Media Influence Upon Modern Society

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The Mass Media is a unique feature of modern society; its development has accompanied an increase in the magnitude and complexity of societal actions and engagements, rapid social change, technological innovation, rising personal income and standard of living and the decline of some traditional forms of control and authority.

There is an association between the development of mass media and social change, although the degree and direction of this association is still debated upon even after years of study into media influence. Many of the consequences, either detrimental or beneficial, which have been attributed to the mass media, are almost undoubtedly due to other tendencies within society. Few sociologists would refute the importance of the mass media, and mass communications as a whole, as being a major factor in the construction and circulation of social understanding and social imagery in modern societies. Therefore it is argued that the mass media is used as “an instrument”, both more powerful and more flexible than anything in previous existence, for influencing people into certain modes of belief and understanding within society.

The question of medias influence on society and its cultural framework has often been debated upon from leading theorists to anyone with any form of media connections, but to contemplate that a character in Coronation Street or Eastenders can have an influence on an audience members attitude, beliefs or interpretations of society is a very simplistic and debatable version of the truth. The media does influence, but using more diverse and subtle roles of impact. Some theorists suggest that it is even a case of society influencing the media and not the more widespread and presumed version...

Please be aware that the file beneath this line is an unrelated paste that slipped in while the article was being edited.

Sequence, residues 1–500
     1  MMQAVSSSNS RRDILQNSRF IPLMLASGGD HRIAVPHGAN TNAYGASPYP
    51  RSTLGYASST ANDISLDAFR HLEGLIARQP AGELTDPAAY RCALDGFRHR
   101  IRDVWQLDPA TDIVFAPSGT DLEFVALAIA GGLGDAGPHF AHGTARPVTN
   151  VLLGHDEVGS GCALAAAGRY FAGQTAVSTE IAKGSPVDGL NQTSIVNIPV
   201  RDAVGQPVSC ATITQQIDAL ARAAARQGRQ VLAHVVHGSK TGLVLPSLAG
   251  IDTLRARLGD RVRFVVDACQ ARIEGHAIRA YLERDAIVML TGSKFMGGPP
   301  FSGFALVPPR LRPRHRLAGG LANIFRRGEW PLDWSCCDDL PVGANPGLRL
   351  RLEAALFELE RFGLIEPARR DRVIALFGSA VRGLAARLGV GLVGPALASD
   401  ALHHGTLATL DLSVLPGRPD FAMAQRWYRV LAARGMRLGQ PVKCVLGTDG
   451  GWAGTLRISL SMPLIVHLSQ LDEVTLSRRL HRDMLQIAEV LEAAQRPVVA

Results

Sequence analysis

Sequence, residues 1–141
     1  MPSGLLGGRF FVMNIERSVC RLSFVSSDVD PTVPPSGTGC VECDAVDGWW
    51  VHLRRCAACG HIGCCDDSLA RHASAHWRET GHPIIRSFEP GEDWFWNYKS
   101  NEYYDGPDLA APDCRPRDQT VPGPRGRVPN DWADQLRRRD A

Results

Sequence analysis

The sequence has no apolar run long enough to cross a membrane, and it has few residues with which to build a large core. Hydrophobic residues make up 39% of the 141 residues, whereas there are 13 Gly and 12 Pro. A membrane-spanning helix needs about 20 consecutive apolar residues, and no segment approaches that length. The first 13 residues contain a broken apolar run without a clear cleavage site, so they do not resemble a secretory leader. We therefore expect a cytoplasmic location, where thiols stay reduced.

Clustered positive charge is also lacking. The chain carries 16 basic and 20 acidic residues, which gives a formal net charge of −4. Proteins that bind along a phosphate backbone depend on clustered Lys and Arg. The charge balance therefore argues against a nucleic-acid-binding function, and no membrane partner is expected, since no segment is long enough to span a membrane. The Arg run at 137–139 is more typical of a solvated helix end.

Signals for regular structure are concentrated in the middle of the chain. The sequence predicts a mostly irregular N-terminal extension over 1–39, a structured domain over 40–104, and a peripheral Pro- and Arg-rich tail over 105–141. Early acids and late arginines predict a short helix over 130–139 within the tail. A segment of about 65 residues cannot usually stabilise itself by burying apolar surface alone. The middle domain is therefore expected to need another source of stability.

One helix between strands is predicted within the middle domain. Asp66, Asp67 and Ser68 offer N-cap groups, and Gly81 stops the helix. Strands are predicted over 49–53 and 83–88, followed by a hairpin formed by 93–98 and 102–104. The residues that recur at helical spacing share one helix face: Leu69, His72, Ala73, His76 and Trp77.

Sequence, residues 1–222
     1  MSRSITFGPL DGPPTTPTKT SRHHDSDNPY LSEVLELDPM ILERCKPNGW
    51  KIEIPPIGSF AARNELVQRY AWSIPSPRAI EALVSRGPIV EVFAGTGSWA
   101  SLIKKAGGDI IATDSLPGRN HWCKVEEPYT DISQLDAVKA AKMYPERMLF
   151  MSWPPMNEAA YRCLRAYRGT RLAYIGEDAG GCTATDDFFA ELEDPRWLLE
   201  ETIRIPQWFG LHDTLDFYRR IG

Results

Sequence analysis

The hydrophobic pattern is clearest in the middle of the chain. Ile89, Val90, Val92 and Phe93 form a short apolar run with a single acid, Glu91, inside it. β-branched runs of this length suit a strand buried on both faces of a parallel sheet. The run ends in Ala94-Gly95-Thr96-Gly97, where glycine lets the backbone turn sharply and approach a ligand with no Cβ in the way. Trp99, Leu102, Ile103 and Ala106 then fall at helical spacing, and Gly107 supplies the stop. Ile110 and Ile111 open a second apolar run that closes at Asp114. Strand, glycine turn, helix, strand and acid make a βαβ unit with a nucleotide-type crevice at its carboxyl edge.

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...ld influence somebody undoubtedly. Mass media audiences are arguably on the whole not passive, and so the amount of influence that is exerted upon the recipient depends entirely on the individual. As most pieces of media output are “polysemic” in nature, meaning that it is capable of having different meanings and readings from person to person (O’Sullivan, Dutton, Rayner: 1998:327), the way in which, or by how much, an individual is influenced is entirely through choice.

Bibliography

· O’Sullivan, Dutton, Rayner: (1998): Arnold Publishers “Studying The Media: Second Edition”

· James Curran & Michael Gurevitch: (2000): Arnold Publishers “Mass Media And Society: Third Edition”

· John Eldridge, Jenny Kitzninger, Kevin Williams: (1997): Oxford Uni. Press Inc

“The Mass Media & Power In Modern Britain”

· Jane Root: (Unknown): (Unknown) “Open The Box”

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